There wasn't a better pairing of actors in all of cinema in 2018 than Melissa McCarthy and Richard E. Grant as conspirators who sell literary forgeries in 1990s New York. Grant's performance is one of pure bliss. McCarthy plays all the right notes from bitterness to loneliness in a studiously and dazzling film I can't wait to see again.
Charleze Theron was Oscar worthy as a mother at her wits end who has just given birth to her third child as she tries to hold her family and her sanity together. This is one of her most stimulating roles and she doesn't hold anything back showing a level of vulnerability that hits much too close to home for many. Without revealing too many spoilers, viewers should take note of how the film unfolds for a shocking reveal at the end.
22. RBG / On the Basis of Sex
The most essential double feature of the year; Mimi Leder directs a remarkable Felicity Jones as Ruth Bader Ginsburg. Jones inhabits the role with bite but never overplays her hand which is made all the more relevant by the audience pleasing documentary RBG which puts her extraordinary life into focus from tragedies she experienced in her youth to her endurance during law school to the constant discrimination against her in the field of law, these two films are treasures one should turn to whenever they need inspiration.
The family that steals together stays together. Hirokazu Kore-eda Japanese drama about a group of individuals who act like family live off the pension of one woman's dead husband and the ability for the others to steal and make ends meet. The film delicately unfolds until the ending, which splinters your idea of what defines a traditional family.
24. Spider-Man: Into the Spider-Verse
A sprawling animated adventure about Spider-Man that could arguably the best cinematic version of this character. Into the Spider-Verse is a film that isn't taking cues from what came before, but has moved into a valiant direction with a look to the future where Spider-Man is black, a girl, white, moody and even a cartoon pig. It's takes everything you know about the superhero genre and throws it into a blender defying many of the norms to showing us a new way to look at comic book movies.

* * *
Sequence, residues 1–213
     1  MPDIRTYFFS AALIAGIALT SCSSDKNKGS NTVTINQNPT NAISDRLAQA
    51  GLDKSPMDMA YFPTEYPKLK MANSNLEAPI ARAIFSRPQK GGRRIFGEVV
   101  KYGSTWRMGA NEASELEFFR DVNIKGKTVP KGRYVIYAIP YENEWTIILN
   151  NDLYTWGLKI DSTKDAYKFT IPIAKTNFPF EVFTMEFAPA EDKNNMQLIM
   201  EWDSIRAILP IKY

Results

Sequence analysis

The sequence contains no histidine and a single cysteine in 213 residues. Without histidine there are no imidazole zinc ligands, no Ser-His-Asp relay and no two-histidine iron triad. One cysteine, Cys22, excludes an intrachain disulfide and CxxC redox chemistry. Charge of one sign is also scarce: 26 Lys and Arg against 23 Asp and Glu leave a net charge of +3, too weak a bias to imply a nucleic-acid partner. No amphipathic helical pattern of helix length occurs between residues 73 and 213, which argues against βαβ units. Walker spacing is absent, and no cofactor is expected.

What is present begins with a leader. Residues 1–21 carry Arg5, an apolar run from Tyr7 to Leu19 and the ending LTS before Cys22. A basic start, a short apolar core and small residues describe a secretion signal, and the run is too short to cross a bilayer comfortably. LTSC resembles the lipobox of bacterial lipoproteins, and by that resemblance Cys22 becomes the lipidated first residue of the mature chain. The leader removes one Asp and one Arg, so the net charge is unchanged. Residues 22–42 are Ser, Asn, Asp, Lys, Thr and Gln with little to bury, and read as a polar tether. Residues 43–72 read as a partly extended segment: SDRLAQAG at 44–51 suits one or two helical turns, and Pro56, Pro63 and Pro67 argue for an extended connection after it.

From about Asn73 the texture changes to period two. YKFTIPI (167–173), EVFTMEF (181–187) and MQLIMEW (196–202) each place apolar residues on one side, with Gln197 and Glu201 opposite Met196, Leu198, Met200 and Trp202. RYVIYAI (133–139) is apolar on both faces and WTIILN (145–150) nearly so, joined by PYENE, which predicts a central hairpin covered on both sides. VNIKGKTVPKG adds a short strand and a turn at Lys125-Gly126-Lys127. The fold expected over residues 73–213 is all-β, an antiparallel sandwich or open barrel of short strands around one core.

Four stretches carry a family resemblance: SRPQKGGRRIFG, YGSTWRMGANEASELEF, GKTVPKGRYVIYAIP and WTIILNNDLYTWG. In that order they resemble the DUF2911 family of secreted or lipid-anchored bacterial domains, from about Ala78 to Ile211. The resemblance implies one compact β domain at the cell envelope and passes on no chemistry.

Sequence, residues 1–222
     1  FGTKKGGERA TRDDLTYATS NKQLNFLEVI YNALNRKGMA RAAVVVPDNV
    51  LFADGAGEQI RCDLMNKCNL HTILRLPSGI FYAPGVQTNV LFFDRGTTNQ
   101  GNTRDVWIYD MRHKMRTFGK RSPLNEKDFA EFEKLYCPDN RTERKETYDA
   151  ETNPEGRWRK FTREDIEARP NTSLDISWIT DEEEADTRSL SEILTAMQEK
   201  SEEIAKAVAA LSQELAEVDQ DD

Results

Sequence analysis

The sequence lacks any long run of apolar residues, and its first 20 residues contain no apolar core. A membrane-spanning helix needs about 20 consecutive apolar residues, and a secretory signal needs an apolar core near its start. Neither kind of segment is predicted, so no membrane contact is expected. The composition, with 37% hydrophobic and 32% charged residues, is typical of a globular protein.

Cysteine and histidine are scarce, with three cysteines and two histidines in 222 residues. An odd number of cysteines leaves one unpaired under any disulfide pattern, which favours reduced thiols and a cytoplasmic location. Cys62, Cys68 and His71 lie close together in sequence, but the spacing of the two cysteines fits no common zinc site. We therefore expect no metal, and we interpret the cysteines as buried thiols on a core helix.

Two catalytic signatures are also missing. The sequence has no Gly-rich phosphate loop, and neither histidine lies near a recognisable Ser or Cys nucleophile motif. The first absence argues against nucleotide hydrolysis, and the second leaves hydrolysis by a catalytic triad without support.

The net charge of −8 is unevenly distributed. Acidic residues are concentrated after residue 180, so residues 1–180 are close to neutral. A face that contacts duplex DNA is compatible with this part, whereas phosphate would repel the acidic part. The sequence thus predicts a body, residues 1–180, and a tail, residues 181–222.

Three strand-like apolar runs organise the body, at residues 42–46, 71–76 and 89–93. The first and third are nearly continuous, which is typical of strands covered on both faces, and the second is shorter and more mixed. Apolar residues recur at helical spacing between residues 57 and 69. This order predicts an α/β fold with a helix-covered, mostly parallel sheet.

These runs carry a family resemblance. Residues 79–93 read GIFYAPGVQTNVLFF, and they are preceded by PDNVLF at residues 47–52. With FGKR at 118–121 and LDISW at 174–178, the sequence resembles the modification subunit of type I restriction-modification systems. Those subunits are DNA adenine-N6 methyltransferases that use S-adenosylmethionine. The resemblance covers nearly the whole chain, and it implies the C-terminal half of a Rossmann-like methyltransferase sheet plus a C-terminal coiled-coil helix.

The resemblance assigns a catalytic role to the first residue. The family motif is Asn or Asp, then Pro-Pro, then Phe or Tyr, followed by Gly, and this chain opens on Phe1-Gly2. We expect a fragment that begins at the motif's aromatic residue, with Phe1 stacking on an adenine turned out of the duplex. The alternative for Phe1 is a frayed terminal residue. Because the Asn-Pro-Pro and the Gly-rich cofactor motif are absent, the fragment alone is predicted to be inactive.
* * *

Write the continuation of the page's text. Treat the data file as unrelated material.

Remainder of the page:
Rachel Weisz and Rachel McAdams defy norms as one-time friends who reunite at the funeral of Weisz's Orthodox Jewish father. The past isn't far behind as they share where they've been, what they want and ultimately what they yearn for. Both actresses are magnetic in a film that grapples with identity amidst tradition.
Aneesh Chaganty directs John Cho in a film that takes place entirely on phone and computer screens about the disappearance of Cho's teenage daughter. Inventive and intoxicating, you'll want to see it again for the hundreds of Easter eggs the filmmaking team hid in the film giving clues and hints.
27. Lean on Pete
Andrew Haigh directs Charlie Plummer as a teen with no home and a deep love for horses. There's no easy way to say this, but the film will steal a piece of your soul as Plummer's passage is one that would destroy most but endurance is plentiful which keeps his faith alive.
28. You Were Never Really Here
A modern day Taxi Driver where Joaquin Phoenix plays Joe, a former FBI agent who tracks down missing girls until one job goes horribly wrong. Director Lynne Ramsay gives attention to details like a hammer, Phoenix's overlong beard, and his penetrating eyes all of which is underscored by Jonny Greenwood's palpitating score. It's not one of the year's cheeriest films, but it's easily one of the most memorable.
29. Solo: A Star Wars Story
Disney bungled the release of Solo by making it too soon, firing the original directors and re-casting possibly the second most iconic character of the Star Wars universe. In spite of all of this, Solo plays like an old fashion western that is nothing short of a blast to watch. The screenplay by Lawrence and Jonathan Kasdan is a joyride while Alden Ehrenreich puts his own spin on Han Solo while Woody Harrelson, Emilia Clarke, Donald Glover and Thandie Newton provide great support on a film that deserved better.
30. 22 July
Paul Greengrass may be best known for making most of the Jason Bourne films but United 93 and Bloody Sunday gave the viewer a first-person perspective of tragic days we would rather not relive. He does the same with 22 July which is focused around the terrorist attack in Oslo in 2011. His story doesn't shy away from the radical nature of the attack but the time is shared with a survivor and the lawyer chosen to defend the terrorist. It's a riveting film you won't be able to look away from.